There were no women skeptics or freethinkers; they would have been impossible in the society of that day.
The godless tyrant Sigismondo Malatesta of Rimini built a magnificent church, and in it a chapel in honor of his beloved Isotta, who was a regular attendant at church. Vannozza built and embellished a chapel in S. She had a reputation for piety, even during the life of Alexander VI. Her greatest maternal solicitude, like that of Adriana, was to inculcate a Christian deportment in her daughter, and this Lucretia possessed in such perfection that subsequently a Ferrarese ambassador lauded her for her 'saintly demeanor.
It is wrong to regard this bearing simply as a mask; for that would presuppose an independent consideration of religious questions or a moral process which was altogether foreign to the women of that age, and is still unknown among the women of Italy. There religion was, and still is, a part of education; it consisted in a high respect for form and was of small ethical worth. The daughters of the well-to-do families did not receive instruction in the humanities in the convents, but probably from the same teachers to whom the education of the sons was entrusted.
It is no exaggeration to say that the women of the better classes during the fifteenth and sixteenth centuries were as well educated as are the women of to-day. Their education was not broad; it was limited to a few branches; for then they did not have the almost inexhaustible means of improvement which, thanks to the evolution of the human mind during the last three hundred years, we now enjoy. The education of the women of the Renaissance was based upon classical antiquity, in comparison with which everything which [Pg 26] could then be termed modern was insignificant.
They might, therefore, have been described as scholarly. Feminine education is now entirely different, as it is derived wholly from modern sources of culture. It is precisely its many-sidedness to which is due the superficiality of the education of contemporary woman when compared with that of her sister of the Renaissance.
The education of women at the present time, generally,—even in Germany, which is famous for its schools,—is without solid foundation, and altogether superficial and of no real worth. It consists usually in acquiring a smattering of two modern tongues and learning to play the piano, to which a wholly unreasonable amount of time is devoted. During the Renaissance the piano was unknown, but every educated woman performed upon the lute, which had the advantage that, in the hands of the lady playing it, it presented an agreeable picture to the eyes, while the piano is only a machine which compels the man or the woman who is playing it to go through motions which are always unpleasant and often ridiculous.
During the Renaissance the novel showed only its first beginnings; and even to-day Italy is the country which produces and reads the fewest romances. There were stories from the time of Boccaccio, but very few. Vast numbers of poems were written, but half of them in Latin. Printing and the book trade were in their infancy. The theater likewise was in its childhood, and, as a rule, dramatic performances were given only once a year, during the carnival, and then only on private stages. What we now call universal literature or culture consisted at that time in the passionate study of the classics.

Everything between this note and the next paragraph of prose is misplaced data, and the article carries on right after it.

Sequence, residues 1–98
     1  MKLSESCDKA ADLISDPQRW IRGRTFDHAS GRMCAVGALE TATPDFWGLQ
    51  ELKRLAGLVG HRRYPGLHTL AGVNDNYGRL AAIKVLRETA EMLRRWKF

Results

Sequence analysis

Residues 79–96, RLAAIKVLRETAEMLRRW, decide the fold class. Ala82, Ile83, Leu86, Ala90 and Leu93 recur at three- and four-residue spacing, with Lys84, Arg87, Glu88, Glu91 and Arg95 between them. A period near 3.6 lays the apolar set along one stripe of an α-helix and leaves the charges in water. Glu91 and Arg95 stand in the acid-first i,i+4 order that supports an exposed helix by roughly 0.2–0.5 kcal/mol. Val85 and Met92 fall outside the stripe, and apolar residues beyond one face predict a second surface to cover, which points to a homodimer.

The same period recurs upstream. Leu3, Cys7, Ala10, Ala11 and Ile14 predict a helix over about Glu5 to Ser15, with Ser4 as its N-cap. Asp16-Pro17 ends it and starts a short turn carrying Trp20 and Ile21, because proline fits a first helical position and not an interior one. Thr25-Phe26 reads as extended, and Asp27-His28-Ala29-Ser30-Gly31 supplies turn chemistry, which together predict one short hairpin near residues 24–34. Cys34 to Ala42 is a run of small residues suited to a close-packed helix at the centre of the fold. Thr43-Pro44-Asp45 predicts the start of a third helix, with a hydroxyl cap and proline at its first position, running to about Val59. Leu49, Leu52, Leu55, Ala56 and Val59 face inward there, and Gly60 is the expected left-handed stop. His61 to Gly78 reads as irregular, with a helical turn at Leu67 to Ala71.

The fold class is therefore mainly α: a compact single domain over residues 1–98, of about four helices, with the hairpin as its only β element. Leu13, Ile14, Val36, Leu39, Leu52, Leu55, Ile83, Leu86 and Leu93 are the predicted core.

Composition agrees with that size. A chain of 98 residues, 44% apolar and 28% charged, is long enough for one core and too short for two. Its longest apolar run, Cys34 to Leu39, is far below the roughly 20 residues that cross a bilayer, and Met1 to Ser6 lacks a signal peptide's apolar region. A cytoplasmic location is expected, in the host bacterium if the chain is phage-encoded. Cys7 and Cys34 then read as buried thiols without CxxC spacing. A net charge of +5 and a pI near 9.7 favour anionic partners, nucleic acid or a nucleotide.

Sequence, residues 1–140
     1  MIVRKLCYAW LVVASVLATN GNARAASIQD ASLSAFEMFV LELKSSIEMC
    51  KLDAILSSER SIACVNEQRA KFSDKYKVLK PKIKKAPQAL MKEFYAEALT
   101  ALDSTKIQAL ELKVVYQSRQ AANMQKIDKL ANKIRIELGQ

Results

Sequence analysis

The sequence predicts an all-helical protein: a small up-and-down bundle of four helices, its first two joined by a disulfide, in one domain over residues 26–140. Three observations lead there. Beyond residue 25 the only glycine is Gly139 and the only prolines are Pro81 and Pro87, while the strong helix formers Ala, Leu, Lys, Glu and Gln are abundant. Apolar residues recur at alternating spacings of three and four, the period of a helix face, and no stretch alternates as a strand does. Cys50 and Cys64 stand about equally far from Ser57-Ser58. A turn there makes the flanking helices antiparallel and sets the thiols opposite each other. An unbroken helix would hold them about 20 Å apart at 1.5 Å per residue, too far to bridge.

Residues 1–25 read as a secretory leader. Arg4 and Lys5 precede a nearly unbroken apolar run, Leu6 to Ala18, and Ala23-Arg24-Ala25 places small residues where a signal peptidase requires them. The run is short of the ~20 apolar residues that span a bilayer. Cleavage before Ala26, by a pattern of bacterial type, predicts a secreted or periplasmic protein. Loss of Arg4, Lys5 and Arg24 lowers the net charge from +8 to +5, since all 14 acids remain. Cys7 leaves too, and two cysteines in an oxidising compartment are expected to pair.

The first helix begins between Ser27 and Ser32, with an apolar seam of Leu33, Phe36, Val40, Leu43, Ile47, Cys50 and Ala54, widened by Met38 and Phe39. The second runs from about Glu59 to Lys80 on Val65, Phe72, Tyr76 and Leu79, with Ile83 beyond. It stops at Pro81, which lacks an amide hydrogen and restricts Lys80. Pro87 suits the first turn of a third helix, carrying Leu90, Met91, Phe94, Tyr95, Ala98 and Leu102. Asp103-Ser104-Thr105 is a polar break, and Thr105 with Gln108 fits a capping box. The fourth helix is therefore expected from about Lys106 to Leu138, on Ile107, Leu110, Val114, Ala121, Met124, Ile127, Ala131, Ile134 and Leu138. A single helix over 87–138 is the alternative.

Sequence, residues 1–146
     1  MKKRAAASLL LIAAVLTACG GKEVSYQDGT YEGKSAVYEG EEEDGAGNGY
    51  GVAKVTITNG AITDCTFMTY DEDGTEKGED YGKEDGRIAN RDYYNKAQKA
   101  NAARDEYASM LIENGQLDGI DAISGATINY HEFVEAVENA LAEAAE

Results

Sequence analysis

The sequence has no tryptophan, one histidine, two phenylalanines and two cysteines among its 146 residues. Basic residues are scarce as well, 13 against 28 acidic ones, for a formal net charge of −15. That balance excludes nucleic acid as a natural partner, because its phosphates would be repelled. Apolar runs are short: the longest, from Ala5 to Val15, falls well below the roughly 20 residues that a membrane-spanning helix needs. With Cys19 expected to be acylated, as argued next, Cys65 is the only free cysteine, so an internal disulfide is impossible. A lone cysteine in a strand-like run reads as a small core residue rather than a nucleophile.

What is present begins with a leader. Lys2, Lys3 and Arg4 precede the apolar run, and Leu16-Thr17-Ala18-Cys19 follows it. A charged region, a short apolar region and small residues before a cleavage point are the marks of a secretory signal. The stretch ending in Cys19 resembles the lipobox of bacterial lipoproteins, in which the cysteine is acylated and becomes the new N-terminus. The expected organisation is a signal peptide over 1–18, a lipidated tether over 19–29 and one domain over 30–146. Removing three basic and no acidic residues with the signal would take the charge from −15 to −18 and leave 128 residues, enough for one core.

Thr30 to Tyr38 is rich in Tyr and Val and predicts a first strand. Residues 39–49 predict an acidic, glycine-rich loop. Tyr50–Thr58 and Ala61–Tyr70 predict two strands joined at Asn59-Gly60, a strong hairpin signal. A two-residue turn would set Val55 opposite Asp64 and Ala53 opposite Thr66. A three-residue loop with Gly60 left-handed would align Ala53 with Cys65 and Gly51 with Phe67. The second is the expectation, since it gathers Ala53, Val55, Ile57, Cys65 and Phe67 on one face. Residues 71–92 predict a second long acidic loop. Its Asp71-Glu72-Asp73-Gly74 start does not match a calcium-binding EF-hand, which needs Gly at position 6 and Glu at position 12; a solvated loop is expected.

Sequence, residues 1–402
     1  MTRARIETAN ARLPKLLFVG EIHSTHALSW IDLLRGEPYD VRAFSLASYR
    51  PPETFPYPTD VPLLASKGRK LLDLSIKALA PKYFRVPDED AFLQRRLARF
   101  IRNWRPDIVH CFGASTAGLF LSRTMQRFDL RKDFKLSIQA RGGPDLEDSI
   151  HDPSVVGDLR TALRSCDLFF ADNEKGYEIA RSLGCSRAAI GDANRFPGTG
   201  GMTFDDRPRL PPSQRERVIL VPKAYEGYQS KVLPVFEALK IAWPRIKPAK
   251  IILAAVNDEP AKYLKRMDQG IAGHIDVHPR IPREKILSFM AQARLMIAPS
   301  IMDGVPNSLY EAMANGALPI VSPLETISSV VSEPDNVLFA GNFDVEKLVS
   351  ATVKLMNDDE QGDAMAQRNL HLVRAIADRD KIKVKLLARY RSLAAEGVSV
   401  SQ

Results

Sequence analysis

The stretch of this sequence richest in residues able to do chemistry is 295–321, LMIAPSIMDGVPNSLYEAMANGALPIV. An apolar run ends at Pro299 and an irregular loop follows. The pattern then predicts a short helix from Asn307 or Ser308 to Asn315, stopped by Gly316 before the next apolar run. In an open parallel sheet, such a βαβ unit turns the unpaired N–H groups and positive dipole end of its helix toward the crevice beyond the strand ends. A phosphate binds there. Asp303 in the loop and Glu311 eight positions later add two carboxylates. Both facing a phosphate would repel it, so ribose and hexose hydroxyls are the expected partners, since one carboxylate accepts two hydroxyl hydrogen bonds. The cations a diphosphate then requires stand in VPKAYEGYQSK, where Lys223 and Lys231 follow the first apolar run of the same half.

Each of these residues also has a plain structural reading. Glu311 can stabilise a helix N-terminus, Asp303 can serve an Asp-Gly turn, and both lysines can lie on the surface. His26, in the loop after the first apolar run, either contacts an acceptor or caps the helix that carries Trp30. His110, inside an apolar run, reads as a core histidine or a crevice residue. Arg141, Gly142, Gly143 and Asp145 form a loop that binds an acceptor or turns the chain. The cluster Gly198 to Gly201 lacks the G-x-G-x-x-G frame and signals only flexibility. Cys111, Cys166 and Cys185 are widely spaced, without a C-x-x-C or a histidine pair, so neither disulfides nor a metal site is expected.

Latin and Greek held the place then which the study of foreign languages now occupies in the educa [Pg 27] tion of women. The Italians of the Renaissance did not think that an acquaintance with the classics, that scientific knowledge destroyed the charm of womanliness, nor that the education of women should be less advanced than that of men. This opinion, like so many others prevalent in society is of Teutonic origin. The loving dominion of the mother in the family circle has always seemed to the Germanic races to be the realization of the ideal of womanliness.
For a long time German women avoided publicity owing to modesty or a feeling of decorum.
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Their talents remained hidden except in cases where peculiar circumstances—sometimes connected with affairs of court or of state—compelled them to come forth. Until recently the history of German civilization has shown a much smaller number of famous female characters than Italy, the land of strong personalities, produced during the Renaissance.
The influence which gifted women in the Italian salons of the fifteenth and sixteenth centuries, and later in those of France, exercised upon the intellectual development of society was completely unknown in England and Germany. Later, however, there was a change in the relative degree of feminine culture in Teutonic and Latin countries.